The Charity Commission has opened a statutory inquiry into the poverty relief charity Human Appeal after allegations made about the charity’s finances and governance led to the dismissal of its chief executive.
Othman Moqbel has denied mismanaging the charity’s funds and said he was mounting a legal challenge against the decision to sack him for gross misconduct.
Moqbel, a board member of the charity leaders body Acevo, was suspended earlier in the year after the charity reported its concerns to the commission.
The regulator said today it had opened an inquiry on 18 April into the charity, which had an income of £36.5m and spent £35.7m in 2016.
A statement on the charity’s website said: "Earlier this year, Human Appeal reported a series of allegations concerning financial and governance issues to the Charity Commission.
"Human Appeal’s trustees immediately suspended the CEO and appointed a leading specialist auditor to conduct an investigation."
Moqbel, who had led the charity for eight years, was dismissed on the basis of the evidence presented in the auditor’s report, the statement said.
A Human Appeal spokesman told Third Sector: "A disciplinary hearing based on evidence from the exhaustive inquiry highlighted a number of acts or omissions by Mr Moqbel that amounted to gross misconduct, and he has this month been dismissed, subject to his right of appeal."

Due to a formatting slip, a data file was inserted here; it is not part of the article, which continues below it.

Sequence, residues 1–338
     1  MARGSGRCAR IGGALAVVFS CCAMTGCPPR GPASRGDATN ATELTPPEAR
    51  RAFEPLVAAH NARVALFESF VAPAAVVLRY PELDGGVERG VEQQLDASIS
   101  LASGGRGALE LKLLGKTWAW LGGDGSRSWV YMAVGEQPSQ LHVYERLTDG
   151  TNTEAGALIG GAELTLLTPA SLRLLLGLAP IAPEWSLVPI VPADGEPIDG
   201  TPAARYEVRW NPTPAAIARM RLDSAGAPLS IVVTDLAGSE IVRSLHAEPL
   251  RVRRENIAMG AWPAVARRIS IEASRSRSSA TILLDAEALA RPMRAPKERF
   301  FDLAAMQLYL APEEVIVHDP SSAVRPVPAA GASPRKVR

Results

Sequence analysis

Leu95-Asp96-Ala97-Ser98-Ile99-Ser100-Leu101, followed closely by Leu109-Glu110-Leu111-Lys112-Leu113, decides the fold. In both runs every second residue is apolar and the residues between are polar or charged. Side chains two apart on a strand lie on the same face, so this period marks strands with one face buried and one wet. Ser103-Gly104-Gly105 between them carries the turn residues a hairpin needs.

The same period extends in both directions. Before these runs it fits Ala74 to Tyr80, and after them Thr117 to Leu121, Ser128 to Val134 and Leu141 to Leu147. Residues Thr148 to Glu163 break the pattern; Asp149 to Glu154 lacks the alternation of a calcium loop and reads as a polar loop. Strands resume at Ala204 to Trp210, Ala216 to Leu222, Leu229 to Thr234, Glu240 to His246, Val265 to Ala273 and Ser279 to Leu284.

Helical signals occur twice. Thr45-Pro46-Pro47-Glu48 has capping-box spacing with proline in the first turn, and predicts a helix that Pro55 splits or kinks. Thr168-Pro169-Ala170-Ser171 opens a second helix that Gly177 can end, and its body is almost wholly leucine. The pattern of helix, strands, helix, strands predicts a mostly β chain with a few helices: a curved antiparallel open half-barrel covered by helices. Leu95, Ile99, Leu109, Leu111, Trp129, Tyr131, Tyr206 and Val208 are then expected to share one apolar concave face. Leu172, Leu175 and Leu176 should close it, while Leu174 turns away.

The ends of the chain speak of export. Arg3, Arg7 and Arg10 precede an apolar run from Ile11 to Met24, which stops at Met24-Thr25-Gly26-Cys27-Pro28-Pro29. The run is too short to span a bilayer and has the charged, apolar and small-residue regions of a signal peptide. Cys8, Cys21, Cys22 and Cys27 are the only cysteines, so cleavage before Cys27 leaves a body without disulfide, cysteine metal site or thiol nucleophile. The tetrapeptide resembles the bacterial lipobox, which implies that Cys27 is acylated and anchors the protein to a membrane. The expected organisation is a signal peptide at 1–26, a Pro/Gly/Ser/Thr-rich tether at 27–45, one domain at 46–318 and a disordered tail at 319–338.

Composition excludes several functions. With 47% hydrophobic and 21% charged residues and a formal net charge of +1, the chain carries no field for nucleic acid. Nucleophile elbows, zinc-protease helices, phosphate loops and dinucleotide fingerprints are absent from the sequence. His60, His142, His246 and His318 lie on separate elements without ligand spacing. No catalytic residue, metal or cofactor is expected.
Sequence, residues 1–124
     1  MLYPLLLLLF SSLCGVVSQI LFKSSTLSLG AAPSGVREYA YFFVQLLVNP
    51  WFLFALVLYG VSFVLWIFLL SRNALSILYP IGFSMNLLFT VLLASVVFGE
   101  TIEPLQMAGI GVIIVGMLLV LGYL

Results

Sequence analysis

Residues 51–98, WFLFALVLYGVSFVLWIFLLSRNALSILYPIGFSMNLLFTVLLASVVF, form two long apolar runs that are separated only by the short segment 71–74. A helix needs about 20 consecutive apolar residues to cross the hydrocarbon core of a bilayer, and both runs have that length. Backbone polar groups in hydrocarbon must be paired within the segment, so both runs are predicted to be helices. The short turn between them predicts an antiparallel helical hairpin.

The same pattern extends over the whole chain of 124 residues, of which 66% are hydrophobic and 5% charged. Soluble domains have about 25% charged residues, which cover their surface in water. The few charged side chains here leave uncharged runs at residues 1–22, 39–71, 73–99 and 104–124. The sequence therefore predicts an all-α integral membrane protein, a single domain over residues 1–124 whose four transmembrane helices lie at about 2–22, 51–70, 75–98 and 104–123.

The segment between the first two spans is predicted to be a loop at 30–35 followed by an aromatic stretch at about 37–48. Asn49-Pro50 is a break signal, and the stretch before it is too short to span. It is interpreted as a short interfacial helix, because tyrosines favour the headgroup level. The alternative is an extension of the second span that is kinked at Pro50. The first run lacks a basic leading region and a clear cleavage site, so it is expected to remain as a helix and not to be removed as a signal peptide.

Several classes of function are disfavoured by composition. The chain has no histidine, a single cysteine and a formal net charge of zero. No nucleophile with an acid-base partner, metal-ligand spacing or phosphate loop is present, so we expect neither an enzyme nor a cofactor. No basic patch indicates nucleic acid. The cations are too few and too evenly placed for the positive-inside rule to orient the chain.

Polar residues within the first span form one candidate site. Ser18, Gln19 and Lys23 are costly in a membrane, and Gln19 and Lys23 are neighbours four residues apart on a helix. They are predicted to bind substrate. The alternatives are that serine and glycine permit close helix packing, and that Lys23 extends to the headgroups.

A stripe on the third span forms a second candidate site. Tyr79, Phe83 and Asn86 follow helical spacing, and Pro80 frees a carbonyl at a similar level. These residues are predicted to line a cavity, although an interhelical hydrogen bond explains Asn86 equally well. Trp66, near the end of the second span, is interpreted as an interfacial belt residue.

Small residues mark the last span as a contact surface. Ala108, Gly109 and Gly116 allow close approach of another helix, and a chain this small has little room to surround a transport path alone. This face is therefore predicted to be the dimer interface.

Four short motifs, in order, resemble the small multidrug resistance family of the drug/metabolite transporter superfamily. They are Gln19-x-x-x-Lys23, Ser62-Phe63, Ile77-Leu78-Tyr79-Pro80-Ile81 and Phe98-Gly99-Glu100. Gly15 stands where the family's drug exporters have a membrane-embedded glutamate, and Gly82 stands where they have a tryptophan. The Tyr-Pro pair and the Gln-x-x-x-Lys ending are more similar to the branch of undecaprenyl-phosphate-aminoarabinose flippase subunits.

Zahid Rehman, the charity’s director of communications, and Razaul Karim, its head of campaigns, resigned after they were also suspended, the spokesman confirmed.
In the statement on its website, the charity said it was "now implementing the changes in internal processes that were recommended by the independent auditor to ensure that this never happens again".
Moqbel told Third Sector: "To my shock and horror I have suddenly been ousted from a job I love and to which I have successfully dedicated the past eight years of my life.
He said the allegations against him were "highly distorted" and were not only personally damaging but "more importantly, catastrophic for the charity".
He said: "I have not, and never would, mismanage any funds entrusted to the charity. I welcome any investigation into the charity’s works and will make myself available to the commission if required.
"I have always taken my responsibilities to our donors, staff and beneficiaries extremely seriously and to suggest otherwise is not only utterly wrong, it is also deeply hurtful. I have always insisted on the utmost transparency in our work."
He said he was proud to have led the charity’s work and said that he would expose the "terrible smears for the fallacy that they represent".
Vicky Browning, chief executive of Acevo, said Moqbel had agreed to take a leave of absence from the Acevo board while he appealed against his dismissal.
The articles of association for Acevo say that all board members must be serving charity leaders.
"As well as sitting on the board, he is also an Acevo member and we are giving him the full support we would give any member in order to help him at this difficult time," said Browning.
A spokeswoman for the regulator said: "The Charity Commission can confirm that it has opened a statutory inquiry into Human Appeal to investigate serious concerns about its administration, including failures to account for the charity's funds and failures to adhere to the charity’s policies and procedures."
She said the charity’s trustees had been fully cooperative with the commission.